I read an article today on the Domain blog in Australia (owned by Fairfax Media) and I cannot believe the total rubbish it conveyed to people. I am so disappointed that I feel forced to discuss it. We can all recognize that someone has done well for themselves – we can praise and applaud that – well done John McGrath – to a point. We can also recognize when they have said something that is too hard to comprehend. So much as to make it simply unbelievable and it has to be discussed.
In a world that is missing realism at times and where the base expectations of the population are set according to media, lies – half-truths at best it is important to point out what is totally ridiculous. Not only do people feel inadequate but they lose sight of reality, feel unsuccessful and like in this case downright ill-informed.
John McGrath, founder of McGrath Estate Agents, stated in a recent blog that property in Australia fell into one of three bands. The Lower End (below $750,000), the mid range ($750,000-$3 million) and the upper end ($3 million to $30 million).
The pure facts are these. Anyone kidding themselves to think that $3m is mid-priced is either lying or living in a fantasy land. The facts are simple – 3.65% of all residential property in Australia in 2007 sold at or above $1million. In other words 96.35% of residential property sold was sold at or less than $1 million. $3 million is NOT mid priced – not in Sydney, not in Regional Australia – not anywhere in Australia. The information is so poor that it needs to be quickly corrected.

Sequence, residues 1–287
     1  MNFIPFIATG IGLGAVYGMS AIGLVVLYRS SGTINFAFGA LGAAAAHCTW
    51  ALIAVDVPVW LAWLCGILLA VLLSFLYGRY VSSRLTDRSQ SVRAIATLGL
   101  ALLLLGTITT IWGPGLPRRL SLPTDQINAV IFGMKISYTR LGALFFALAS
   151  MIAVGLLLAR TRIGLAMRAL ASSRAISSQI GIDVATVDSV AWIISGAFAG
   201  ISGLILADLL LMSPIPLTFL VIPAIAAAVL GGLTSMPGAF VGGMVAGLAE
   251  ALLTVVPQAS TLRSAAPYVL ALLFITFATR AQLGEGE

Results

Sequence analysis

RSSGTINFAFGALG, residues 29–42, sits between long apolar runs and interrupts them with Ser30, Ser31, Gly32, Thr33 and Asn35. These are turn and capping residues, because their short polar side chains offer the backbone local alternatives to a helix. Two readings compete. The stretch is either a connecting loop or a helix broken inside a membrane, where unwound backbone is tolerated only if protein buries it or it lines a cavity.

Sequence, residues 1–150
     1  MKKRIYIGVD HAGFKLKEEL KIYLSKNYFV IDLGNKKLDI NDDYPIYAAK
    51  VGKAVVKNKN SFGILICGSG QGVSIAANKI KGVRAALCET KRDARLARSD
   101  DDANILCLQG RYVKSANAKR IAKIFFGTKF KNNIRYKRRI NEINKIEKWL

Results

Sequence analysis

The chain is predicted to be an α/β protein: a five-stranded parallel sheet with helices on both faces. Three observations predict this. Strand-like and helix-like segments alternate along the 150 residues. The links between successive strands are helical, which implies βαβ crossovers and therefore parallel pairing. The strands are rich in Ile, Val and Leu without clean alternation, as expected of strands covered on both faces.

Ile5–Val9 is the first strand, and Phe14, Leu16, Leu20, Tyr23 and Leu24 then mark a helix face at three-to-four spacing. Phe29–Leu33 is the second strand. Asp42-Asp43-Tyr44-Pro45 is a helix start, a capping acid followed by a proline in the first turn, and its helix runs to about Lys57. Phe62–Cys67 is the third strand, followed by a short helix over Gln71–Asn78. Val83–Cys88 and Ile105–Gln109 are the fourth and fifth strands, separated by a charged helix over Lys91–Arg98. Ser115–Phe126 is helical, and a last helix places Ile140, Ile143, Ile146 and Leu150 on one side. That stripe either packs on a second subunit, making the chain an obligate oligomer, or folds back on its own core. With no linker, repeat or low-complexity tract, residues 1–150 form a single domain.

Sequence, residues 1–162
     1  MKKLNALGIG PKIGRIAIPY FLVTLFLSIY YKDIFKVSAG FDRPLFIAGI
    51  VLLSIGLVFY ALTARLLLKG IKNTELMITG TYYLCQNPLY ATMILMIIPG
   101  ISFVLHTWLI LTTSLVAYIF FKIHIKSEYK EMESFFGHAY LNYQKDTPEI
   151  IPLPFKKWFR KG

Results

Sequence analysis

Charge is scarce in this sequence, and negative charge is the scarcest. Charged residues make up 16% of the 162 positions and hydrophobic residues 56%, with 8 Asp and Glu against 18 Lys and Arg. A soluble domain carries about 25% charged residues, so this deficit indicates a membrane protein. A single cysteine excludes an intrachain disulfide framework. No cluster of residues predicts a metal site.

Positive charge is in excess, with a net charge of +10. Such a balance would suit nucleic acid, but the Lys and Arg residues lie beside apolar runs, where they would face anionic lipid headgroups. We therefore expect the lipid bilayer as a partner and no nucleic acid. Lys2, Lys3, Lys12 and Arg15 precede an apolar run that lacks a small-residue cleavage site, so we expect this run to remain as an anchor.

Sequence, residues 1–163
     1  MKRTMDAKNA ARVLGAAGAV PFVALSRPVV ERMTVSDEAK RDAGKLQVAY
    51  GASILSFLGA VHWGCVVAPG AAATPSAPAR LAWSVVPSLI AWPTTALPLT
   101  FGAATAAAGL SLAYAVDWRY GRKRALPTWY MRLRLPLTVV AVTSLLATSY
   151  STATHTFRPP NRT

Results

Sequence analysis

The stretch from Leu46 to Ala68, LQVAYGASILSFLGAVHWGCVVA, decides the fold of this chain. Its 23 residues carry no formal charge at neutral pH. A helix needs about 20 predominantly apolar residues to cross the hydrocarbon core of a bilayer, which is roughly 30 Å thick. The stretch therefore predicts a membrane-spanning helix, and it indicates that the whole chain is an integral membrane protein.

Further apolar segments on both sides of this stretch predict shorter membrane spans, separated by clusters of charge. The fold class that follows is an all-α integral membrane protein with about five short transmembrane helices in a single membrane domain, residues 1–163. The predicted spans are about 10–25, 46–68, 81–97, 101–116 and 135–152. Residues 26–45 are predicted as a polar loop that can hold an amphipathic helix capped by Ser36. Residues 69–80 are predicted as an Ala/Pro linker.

I’m not questioning that John McGrath has done well for himself over the years – but that simply does not excuse information that is blatantly incorrect. Since John McGrath has become a franchise agency, seeking to compete with the likes of LJ Hooker and Ray White, it is laughable that he should set such benchmarks given that the majority of the properties for sale through his franchise offices in New South Wales are of “the lower end”. I’m sure this isn’t the message his agents are conveying to their clients.
Why point this out? Simply people are given so much information that cannot be backed up by evidence and those that are unaware of the reality can at times feel inadequate. What do you need to do to be successful? What have you done wrong? How can you possibly achieve that? The reality is very different to the perception.
I am disappointed that John McGrath would publicly say something that is simply wrong – he is smarter than that and it concerns me that many people will read his material and question themselves thinking he is telling the truth – Shame on you John McGrath.